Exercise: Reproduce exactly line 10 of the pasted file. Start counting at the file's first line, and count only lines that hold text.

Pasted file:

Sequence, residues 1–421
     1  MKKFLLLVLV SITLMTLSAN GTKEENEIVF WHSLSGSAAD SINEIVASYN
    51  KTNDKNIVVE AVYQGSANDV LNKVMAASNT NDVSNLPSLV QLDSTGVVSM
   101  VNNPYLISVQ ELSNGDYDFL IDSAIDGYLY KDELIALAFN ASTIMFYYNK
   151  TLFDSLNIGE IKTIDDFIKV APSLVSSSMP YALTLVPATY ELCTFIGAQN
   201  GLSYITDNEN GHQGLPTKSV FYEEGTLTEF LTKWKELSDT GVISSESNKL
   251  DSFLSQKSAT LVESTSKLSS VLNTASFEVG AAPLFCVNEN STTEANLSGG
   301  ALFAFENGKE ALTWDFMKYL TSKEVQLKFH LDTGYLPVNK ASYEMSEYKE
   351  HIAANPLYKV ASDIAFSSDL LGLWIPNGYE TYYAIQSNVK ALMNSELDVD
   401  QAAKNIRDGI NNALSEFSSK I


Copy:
   401  QAAKNIRDGI NNALSEFSSK I